Luke Skywalker’s landspeeder in “Star Wars: A New Hope” didn’t sell for much — just 2,000 credits thanks to a newer model on the market — but it captured the interest of science fiction fans everywhere. Speeder bikes featured during the “Return of the Jedi” chase scene on Endor only upped the ante: What would it be like to use this type of hover technology to discover the joy of flying? Sure, it’s no Millennium Falcon, but it’s a good start.
With May the 4th — “Star Wars” Day — just around the corner, it’s worth taking a look at hover tech: Our obsession with the idea, what’s currently on the market and what the science says about “real” anti-gravity options.
Floating on Air
Humanity’s interest in hovering vehicles started long before Luke swung a lightsaber. As noted by the BBC, the first hovercraft was developed by Sir Christopher Cockerell in 1959. It used a cushion of air to hover just above ground or water and avoid the common pitfalls of uneven surfaces. Until October 2000, hovercraft were used to ferry people and cars across the English Channel when competition from the Channel Tunnel and traditional ferry boats made the service obsolete. According to Popular Mechanics, commercial hovercraft have experienced a sharp decline from their heyday in the 1970s due to large fuel and maintenance costs combined with a lack of creature comforts.
The landspeeder is a solid hovercraft analog: Both are slightly unwieldy and keep a low profile relative to the ground. While in the “Star Wars” universe newer models supplanted Luke’s X-34, our version of slow-speed, low-riding hovercraft are largely confined to the footnotes of history.
What about speeder bikes? These motorcycle-like danger sticks were seen whizzing at top speed through the forests of Endor — and were responsible for more than one unexpected stormtrooper–tree trunk collision. Fast and agile, repulsorlift-driven jumpspeeders offered an inherent “wow” factor, inherent awesomeness and (hopefully) hazard pay for Empire employees.
While we haven’t created anything quite so cool, companies are starting to roll out “hoverbikes” that do a decent speeder impression. As noted by Science Alert, it’s now possible to preorder an FAA-approved hoverbike for $150,000. Using four battery-powered rotor blades, the bike can reach speeds of 60 miles per hour and heights of 16 feet. A single charge nets between 10-25 minutes of flying time if the weather cooperates. Strong winds — and rider weight — also impact flight time.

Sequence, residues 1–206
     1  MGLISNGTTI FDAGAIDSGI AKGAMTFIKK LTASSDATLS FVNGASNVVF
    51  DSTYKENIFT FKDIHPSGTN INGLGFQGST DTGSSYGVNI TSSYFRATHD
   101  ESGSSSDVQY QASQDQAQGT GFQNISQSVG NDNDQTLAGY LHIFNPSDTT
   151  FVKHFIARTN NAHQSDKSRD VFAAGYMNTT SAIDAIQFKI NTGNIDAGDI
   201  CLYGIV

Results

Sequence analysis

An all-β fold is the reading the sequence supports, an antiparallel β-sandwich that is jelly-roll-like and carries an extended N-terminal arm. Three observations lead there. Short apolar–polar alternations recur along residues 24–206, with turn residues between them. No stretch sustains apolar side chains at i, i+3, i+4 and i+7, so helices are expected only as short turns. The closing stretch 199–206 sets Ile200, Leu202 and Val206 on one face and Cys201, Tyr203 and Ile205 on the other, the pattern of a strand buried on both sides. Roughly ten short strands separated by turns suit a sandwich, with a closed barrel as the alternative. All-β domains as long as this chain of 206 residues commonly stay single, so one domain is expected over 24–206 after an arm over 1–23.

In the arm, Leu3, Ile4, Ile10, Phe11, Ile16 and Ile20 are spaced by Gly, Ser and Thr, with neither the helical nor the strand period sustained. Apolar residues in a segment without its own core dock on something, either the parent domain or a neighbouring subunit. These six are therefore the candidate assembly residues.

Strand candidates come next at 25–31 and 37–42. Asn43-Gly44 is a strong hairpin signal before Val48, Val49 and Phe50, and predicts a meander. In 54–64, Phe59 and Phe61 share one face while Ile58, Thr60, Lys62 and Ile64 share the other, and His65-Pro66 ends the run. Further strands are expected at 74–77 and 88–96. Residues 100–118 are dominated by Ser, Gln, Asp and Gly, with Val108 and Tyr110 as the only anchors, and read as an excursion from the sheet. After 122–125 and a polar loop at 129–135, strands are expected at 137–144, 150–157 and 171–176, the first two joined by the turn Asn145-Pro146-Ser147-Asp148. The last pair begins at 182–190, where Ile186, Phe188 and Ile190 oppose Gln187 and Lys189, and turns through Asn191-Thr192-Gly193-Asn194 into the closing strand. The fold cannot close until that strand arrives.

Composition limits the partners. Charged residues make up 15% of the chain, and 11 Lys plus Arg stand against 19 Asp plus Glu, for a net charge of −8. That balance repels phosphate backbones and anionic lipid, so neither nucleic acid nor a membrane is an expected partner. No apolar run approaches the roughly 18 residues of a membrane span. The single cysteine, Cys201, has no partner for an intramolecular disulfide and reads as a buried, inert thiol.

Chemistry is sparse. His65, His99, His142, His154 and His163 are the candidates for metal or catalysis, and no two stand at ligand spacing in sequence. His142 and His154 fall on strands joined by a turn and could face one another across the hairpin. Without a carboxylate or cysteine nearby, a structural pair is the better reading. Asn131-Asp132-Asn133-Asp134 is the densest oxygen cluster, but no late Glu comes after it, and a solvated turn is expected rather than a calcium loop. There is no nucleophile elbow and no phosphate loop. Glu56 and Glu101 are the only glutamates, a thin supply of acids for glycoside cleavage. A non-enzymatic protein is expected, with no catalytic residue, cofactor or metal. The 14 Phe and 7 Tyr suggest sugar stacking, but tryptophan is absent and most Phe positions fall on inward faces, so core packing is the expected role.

Put simply, this nails two out of three: The bike hovers just like the ones in the movies and can zip along at breakneck speeds. The problem? Battery life. The chase scene on Endor would have been far less exciting if the Empire had to find charging stations every half an hour to keep up their search for the rebels. This may be a temporary setback, however — as noted by Nature, new research on potassium-air batteries with organic anodes could pave the way for significant storage increases.
Coming Back Down to Earth
It’s one thing to mimic “Star Wars” hover technology; it’s another to actually create vehicles using repulsor-type solutions. The concept isn’t new to science fiction: Other big franchises such as “Star Trek” regularly use anti-gravity tech to solve problems. But is it actually feasible to create repulsive force rather than simply blowing ever-larger volumes of air at the ground?
According to a recent Forbes piece, probably not. Why? Because unlike electric force — which has both positive and negative charges — gravitational force has only one charge governed by mass and energy: Attractive. As a result, it’s not possible to create a “gravitational conductor” which would effectively trap gravity outside and set up a gravity-free area inside. For that to happen, we’d need negative gravitation mass, or anti-mass, which would fall up instead of down when exposed to gravitational forces.
Although theories using anti-mass exist, such as the Alcubierre solution for warping space-time, scientists haven’t discovered any evidence that anti-mass exists. One potential candidate is anti-matter, but even though anti-matter particles have been observed to have electric charges and spin opposite their normal-mass counterparts, their interaction with gravity should be the same as normal mass: They should fall down.
If scientists do manage to discover a naturally-occurring source of anti-mass or create an artificial version, it then becomes possible to create both small- and large-scale gravitational conductors and capacitors. In space, this means giving ships and stations their own gravity fields independent of the surrounding mass. On Earth, it means equipping hovercraft and hoverbikes with the repulsive technology necessary to circumvent the law of gravity and provide a truly authentic “Star Wars” experience.